18 and Life.


Not every book is ballsy enough to have a chapter titled after a Skid Row song, but this one is. While Sebastian Bach wouldn't exactly be the first choice to sing the soundtrack of my life, there's something about his screeching that really speaks to me.

And for at least one week in the summer of my 18th year, long-haired rock, and not the good kind, was blaring whenever Jane's Addiction wasn't. I remember it well. Well, most of it. Okay, some of it.

After we threw our graduation caps in the air, and before we headed off to our respective universities, 12 of us traveled to Ocean City, Maryland for Senior Week. We had big hair, low tolerances and all of the enthusiasm in the world.

Free to drink our faces off, talk to strangers and play our music too loud, I must tell you: it was awesome.

We stayed in one large room in an absolute dump called the Spindrift Efficiencies. Somebody had a kick-a** fake ID and we had all of the sh*tty beer, Mad Dog 20/20, wine coolers and ZIMA we could drink. Had we known at the time that ZIMA would have a relatively short shelf life, some of us probably would have savored it more. I was a beer drinker myself. I might still be in Ocean City if someone hadn’t had the presence of mind to instruct me to get my a** into the damn car at week’s end. Left to my own devices, I had been on a tear similar to Nic Cage’s in Leaving Las Vegas.

Most of my calories had been liquid, most of my sleep, interrupted, and if memory serves, most of the people I met seemed like colorful caricatures. Hey, blackouts are like that.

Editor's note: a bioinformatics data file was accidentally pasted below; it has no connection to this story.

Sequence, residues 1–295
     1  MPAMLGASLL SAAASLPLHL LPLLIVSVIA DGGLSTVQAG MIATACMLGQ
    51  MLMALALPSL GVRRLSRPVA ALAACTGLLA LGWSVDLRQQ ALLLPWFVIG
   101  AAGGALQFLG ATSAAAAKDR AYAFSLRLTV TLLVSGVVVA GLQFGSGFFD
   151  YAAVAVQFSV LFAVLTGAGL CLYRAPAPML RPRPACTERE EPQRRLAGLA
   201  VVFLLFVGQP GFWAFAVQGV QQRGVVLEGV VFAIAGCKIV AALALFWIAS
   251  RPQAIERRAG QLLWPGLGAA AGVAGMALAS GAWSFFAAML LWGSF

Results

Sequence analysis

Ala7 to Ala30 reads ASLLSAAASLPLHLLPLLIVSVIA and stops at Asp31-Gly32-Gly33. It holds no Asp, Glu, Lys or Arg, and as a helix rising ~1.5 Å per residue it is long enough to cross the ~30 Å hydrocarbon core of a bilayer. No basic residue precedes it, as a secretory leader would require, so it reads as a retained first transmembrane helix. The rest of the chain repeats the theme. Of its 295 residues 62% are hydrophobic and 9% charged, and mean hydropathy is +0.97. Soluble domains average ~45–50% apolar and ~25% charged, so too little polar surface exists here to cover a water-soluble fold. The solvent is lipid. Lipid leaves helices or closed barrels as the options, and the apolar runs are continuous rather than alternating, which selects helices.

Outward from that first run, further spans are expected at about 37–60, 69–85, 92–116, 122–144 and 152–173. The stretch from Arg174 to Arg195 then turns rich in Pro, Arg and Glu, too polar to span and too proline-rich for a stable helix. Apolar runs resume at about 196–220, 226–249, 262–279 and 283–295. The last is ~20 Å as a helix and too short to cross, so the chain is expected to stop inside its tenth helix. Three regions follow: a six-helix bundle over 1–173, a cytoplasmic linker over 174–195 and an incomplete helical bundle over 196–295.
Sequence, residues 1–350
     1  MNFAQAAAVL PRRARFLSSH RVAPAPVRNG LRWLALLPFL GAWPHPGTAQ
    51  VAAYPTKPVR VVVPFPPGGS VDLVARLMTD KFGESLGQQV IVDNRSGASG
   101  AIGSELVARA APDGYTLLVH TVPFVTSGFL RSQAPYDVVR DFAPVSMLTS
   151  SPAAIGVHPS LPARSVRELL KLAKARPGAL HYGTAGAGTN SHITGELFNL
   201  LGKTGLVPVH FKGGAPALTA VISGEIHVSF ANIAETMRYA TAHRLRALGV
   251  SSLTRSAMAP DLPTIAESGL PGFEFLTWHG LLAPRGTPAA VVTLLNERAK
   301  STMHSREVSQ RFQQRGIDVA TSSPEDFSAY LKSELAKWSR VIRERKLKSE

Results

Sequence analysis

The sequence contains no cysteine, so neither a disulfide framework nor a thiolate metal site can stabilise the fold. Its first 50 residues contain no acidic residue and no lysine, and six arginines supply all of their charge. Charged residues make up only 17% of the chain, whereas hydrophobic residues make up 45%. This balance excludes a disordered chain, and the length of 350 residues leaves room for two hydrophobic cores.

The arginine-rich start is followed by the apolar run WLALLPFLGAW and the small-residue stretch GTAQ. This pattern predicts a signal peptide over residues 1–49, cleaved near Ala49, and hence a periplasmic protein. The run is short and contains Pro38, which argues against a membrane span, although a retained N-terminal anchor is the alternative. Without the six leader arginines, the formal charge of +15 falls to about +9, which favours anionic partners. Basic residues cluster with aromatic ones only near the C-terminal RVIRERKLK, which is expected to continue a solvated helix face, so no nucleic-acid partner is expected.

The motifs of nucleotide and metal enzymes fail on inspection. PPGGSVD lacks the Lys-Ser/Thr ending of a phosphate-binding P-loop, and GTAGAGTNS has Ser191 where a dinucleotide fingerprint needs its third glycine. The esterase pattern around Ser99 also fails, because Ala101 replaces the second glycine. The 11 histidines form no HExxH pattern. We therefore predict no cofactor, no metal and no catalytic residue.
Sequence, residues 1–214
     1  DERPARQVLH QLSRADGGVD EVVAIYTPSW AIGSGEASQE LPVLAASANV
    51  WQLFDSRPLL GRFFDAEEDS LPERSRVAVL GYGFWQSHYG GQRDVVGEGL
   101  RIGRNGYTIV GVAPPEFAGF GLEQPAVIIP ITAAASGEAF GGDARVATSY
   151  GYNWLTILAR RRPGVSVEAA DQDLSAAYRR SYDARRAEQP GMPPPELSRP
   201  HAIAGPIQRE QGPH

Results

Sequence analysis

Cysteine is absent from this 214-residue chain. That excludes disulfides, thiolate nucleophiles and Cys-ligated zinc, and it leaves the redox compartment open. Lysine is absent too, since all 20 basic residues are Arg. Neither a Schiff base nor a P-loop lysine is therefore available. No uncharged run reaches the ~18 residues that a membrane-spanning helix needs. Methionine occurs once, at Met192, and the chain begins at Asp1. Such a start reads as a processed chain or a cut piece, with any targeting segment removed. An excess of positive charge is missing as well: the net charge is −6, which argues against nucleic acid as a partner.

I knew that as soon as I returned from that week of sh*t-canned degeneracy that “it was on.” I had an agenda: work out, play tennis hardcore and prepare to make my escape to the blissful confines of Happy Valley to set the Big 10 tennis world on fire.

Though I should have been grateful to be on my way to State College to attend school and play tennis, what I really felt was a sense of entitlement. I believed that if I had to take on this tennis player persona, the least the universe could do was reward me with a scholarship.

Somehow I saw being a gifted athlete as my cross to bear.

And because heavy is the head that wears the imaginary crown, and because I was hungover as f*ck, taking the SATs early one Saturday morning was rough—but not nearly as rough as it would have been if my scores were actually going to matter. I had pretty much been told that I simply had to take the test—I didn’t have to do well. Test day found me bleary-eyed. I had drunk myself silly the night before mostly because I could, but also so that if I did end up doing sh*tty, I could say, “I was so hungover when I took that test.” It was a self-fulfilling prophesy fueled by Sam Adams, more likely it was stolen Stroh’s.

But, fear not: things like GPAs and SATs were never going to stand in the way of my State College adventure. I was accepted before I even finished the application. Several of my friends, who had way better academic credentials, had been required to attend summer session in order to gain acceptance that fall. Obviously it’s not a policy unique to Penn State to grant athletes special treatment. Rules are bent and broken for quarterbacks, shooting guards, goalies and girls with backhands like mine nearly everywhere. Plus, I was no dummy.

Academically lazy, you bet, but also well aware that Penn State and the other programs that had been recruiting me didn't much care about my classroom prowess—so why the hell should I?  

Anyway, when people say, “We Are…Penn State,” I always think: I Most Certainly Was Not. Though I waltzed into Happy Valley in August of 1991 like God’s gift to Joe Paterno, I should have shouted: get a load of me while you can … this could be brief.